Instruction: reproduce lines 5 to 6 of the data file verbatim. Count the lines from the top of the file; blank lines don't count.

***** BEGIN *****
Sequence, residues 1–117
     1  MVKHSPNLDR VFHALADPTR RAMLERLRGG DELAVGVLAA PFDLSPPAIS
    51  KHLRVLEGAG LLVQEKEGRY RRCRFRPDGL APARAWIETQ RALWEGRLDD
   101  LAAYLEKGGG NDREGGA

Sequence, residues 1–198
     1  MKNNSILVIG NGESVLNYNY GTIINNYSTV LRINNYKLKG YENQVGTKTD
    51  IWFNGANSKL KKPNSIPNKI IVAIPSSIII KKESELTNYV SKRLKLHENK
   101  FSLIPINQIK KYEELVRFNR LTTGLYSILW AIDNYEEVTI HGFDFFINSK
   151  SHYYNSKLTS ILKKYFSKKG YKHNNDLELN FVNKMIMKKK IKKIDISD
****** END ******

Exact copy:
Sequence, residues 1–198
     1  MKNNSILVIG NGESVLNYNY GTIINNYSTV LRINNYKLKG YENQVGTKTD